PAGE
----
A King Loses His Way in the Enchanted Forest

An unexpected hit hobbles a London book publisher.

The popularity of Basford’s books caused a colored pencil shortage in Brazil.

The popularity of Basfords books caused a colored pencil shortage in Brazil.

Photographer: 731

Two years ago, Laurence King Publishing released a coloring book for grown-ups called Secret Garden, but most bookstores relegated it to the kids’ section. Customer reviews on Amazon.com praised it for the Zen pleasure of filling in its sophisticated drawings, so King decided to issue a second volume by the same Scottish illustrator, Johanna Basford. Enchanted Forest was a runaway hit. “It was a much greater explosion than anything we, our distributors, and our sales force had ever experienced,” says founder Laurence King. “It was difficult for 50 people based in London to create a global brand.”

King’s tale is a cautionary one for any business grappling with unexpected demand. Basford’s two volumes—with their intricate, kaleidoscopic illustrations of plants and animals—soared to the top of New York Times and Amazon best-seller lists, propelled by unofficial endorsements on social media from celebrities such as Korean pop star Kim Kibum and American actress Zooey Deschanel. The phenomenon caused a colored pencil shortage in Brazil, King says, and gave rise to a global movement in meditative coloring. The titles have sold more than 10 million copies in two dozen languages and have spawned ancillary products such as postcard sets, notecards, and a large-format artist’s edition printed on thicker paper. King says the books’ success will almost triple his company’s revenue this year.

The publisher initially had modest expectations for Basford’s handiwork: The first edition of Secret Garden had a print run of 25,000 copies, which took about six months to sell. The pace picked up after the release of Enchanted Forest, and by April this year, Amazon often had both titles on back order even though King was shipping 50,000 copies a month of the two books. One bottleneck was finding paper for the books and the postcard stock for other versions. “We rang up endless merchants in Europe and Asia,” he says. “People weren’t used to creating paper of sufficient quality.”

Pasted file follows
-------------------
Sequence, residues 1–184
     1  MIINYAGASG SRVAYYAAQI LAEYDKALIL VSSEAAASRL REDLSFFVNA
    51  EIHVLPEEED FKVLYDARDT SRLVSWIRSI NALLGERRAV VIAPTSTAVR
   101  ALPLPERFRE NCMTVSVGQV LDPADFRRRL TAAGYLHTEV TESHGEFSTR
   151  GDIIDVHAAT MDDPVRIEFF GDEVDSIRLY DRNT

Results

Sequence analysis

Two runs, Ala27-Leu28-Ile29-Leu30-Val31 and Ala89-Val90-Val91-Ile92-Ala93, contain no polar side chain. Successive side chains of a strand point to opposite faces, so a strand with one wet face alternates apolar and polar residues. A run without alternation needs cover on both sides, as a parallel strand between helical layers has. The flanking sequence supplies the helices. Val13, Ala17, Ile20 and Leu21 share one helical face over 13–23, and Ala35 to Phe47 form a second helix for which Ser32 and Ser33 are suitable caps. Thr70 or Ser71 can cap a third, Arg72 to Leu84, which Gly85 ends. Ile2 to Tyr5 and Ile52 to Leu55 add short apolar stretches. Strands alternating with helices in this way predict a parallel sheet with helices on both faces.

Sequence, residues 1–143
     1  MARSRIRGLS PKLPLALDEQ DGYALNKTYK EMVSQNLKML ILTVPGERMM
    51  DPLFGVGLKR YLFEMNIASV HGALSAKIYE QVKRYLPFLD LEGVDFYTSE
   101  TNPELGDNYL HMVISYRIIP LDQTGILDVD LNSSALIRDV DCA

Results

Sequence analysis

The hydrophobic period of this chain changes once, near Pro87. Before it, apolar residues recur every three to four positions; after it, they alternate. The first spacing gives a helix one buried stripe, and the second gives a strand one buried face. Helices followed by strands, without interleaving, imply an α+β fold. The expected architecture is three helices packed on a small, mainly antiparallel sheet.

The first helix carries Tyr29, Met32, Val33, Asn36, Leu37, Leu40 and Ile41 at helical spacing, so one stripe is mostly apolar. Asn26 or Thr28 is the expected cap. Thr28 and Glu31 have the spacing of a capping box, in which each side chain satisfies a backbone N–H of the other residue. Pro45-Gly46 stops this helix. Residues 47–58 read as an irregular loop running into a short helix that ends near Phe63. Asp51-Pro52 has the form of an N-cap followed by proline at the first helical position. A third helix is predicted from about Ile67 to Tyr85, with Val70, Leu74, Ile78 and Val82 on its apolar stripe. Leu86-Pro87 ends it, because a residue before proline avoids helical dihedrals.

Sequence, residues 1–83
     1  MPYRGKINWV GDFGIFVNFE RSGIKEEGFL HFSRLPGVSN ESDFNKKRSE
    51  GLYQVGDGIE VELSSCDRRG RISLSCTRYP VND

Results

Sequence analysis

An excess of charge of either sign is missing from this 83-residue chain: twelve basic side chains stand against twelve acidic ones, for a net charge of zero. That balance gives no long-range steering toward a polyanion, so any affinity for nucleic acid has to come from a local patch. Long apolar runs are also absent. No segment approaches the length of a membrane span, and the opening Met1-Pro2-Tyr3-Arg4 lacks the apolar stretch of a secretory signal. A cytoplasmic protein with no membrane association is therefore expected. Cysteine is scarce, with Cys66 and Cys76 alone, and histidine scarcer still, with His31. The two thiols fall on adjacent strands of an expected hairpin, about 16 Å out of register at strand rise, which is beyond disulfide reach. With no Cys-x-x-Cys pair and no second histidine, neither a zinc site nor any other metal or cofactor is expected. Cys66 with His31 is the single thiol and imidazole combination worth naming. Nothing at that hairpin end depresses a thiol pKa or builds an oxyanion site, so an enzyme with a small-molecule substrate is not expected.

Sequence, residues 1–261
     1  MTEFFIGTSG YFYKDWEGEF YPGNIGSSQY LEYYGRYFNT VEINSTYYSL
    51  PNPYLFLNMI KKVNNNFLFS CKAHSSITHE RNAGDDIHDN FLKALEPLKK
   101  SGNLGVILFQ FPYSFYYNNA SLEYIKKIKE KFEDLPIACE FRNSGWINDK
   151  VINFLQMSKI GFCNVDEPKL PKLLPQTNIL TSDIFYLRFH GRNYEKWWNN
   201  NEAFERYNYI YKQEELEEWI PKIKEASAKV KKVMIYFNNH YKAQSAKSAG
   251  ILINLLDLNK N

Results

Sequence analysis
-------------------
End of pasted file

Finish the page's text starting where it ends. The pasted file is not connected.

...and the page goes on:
Tests of the printing process also consumed several weeks because of the gold foil that’s integrated into some of the illustrations. “I was worried American printers weren’t taking us seriously,” King says. He ultimately found printers in China, the Netherlands, and Italy to take on the work and paid extra to have the books airfreighted to the U.S.

After those difficulties, Basford in May announced she would publish her next two titles with Virgin Books, a joint venture of Richard Branson’s Virgin Group and Penguin Random House. “It’s a great sadness to us,” says the jilted publisher, who declined Penguin’s offer to buy the rights to Basford’s earlier books, which still bring in “substantial” revenue. “King gave me the most awesome opportunity,” says Basford, who wouldn’t say whether Virgin is paying her more.

Laurence King hasn’t given up on grown-up coloring books. His next title, due in the spring, showcases the work of Chinese illustrator Shan Jiang and depicts a riderless bike’s journey through a wasteland reminiscent of the Mad Max films. “We know it’s not going to be a best-seller,” King says. “But it’s just so brilliantly insane.”

The bottom line: Publisher Laurence King lost his most valuable author after struggling to keep up with demand for her titles.

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